To the right, up ahead, is a sidewalk café, cut off from the main flow of foot traffic by a colorfully-painted waist-high wall, encircling the diners like a protectively cupped hand. The wall is some form of simulated stone and wide enough to support as he neatly hops on top, taking advantage of his new height to scan the hundreds of people milling about up ahead. In that sea of heads he thinks he catches a glimpse of Lawray’s hat, receding in the distance. He leaps off the wall at its other end and aims himself for the spot he saw, emboldened now that catching up with him once again seems a possibility.
But by then, he feels a steady, machine-like drumbeat from behind, another set of footfalls to match his own. Years of experience grant him a fleeting guesstimate of his pursuer’s size and bulk, and he knows it must be the woman he’s provisionally dubbed Goldenface, who is faster than him after all, coming up faster than seems possible.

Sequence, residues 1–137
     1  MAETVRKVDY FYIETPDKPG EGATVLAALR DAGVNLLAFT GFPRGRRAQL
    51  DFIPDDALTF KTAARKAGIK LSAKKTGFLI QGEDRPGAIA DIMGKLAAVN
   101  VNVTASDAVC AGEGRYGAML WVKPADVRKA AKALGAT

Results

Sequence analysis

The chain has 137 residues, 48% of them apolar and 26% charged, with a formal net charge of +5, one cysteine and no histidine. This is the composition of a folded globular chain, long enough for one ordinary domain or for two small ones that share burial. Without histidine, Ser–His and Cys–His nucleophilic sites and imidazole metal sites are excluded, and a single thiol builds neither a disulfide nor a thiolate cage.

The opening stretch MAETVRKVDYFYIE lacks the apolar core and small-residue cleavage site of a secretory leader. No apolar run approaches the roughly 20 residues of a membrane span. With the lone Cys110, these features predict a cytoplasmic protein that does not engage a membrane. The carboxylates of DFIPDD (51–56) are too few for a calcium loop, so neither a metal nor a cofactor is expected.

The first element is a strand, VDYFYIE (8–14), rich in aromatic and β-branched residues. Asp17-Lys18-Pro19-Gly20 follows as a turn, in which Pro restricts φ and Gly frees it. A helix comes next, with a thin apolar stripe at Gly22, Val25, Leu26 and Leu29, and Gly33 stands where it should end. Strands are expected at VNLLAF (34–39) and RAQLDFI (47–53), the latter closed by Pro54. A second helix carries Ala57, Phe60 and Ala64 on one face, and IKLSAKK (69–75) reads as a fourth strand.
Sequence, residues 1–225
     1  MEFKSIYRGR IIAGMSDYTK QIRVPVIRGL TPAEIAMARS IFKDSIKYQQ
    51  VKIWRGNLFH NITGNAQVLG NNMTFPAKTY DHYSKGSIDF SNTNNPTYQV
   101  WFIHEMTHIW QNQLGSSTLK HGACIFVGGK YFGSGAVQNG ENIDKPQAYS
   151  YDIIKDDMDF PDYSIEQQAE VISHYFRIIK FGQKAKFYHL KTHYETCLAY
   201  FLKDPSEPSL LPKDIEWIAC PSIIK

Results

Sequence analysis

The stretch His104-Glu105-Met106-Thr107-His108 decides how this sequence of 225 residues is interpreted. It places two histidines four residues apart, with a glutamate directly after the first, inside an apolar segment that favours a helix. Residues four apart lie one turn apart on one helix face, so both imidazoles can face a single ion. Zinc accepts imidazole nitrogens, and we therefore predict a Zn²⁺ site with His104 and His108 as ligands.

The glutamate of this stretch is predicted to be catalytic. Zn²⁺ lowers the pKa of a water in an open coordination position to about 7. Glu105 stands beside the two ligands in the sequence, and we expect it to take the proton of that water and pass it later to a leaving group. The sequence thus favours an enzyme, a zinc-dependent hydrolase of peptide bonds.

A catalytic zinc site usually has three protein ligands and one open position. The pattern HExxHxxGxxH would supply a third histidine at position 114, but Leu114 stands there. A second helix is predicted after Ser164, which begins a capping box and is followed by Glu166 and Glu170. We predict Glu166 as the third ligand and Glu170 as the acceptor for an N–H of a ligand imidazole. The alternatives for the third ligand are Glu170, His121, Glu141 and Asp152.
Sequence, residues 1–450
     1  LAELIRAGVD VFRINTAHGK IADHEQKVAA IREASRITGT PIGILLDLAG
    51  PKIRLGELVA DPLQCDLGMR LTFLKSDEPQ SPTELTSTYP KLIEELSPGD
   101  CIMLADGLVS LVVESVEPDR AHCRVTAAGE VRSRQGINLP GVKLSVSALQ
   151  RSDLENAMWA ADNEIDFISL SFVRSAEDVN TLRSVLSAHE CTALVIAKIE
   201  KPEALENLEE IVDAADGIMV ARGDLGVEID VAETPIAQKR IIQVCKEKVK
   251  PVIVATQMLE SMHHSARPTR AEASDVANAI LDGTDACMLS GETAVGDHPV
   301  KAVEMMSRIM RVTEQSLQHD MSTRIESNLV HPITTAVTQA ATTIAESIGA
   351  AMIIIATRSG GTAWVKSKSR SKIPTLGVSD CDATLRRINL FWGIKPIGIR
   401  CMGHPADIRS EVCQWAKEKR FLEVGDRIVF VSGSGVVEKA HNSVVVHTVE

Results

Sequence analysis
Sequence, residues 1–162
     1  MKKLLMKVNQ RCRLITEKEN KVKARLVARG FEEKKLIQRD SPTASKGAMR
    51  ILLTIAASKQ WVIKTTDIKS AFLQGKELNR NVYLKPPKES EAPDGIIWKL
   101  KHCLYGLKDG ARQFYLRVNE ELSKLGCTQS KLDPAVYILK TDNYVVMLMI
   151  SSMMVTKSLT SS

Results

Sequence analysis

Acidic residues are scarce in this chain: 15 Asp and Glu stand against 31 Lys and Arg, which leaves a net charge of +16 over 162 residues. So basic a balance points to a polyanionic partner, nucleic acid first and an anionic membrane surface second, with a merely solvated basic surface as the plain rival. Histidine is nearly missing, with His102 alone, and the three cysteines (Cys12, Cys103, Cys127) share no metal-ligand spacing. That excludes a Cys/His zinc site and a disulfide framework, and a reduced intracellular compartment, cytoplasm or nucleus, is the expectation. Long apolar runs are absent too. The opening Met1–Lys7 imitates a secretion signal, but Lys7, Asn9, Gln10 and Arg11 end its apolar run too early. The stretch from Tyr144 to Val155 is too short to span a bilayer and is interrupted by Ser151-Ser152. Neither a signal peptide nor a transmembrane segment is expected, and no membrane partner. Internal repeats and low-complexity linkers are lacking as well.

Later, analyzing why he hadn’t detected her sooner, he will conclude that she hadn’t ever been running all out to catch him; she’d been pacing herself, trailing at a distance because there’d been no real need for her to close the gap as long as she could keep him in sight. Only at the first clear opportunity had she gone full-sprint.
He tries to dodge again, but two hands that feel the size of bread-loaves close on his shoulders. Their grip is bone-crushing and painful. He struggles in the last moment it’s possible, tearing skin, and she winds up with two fistfuls of cloth. His shirt comes halfway off his body and he tries to sink out of it, but she uses what grip she has and flings him to one side, sending him over a sidewalk kiosk selling what look like throbbing gray blobs of protoplasm. He hits a support pylon shoulder-first and feels it dislocate. Not quite blacking out despite the additional pain that comes when he hits the ground, he still manages to stand and face her, from opposite sides of the kiosk.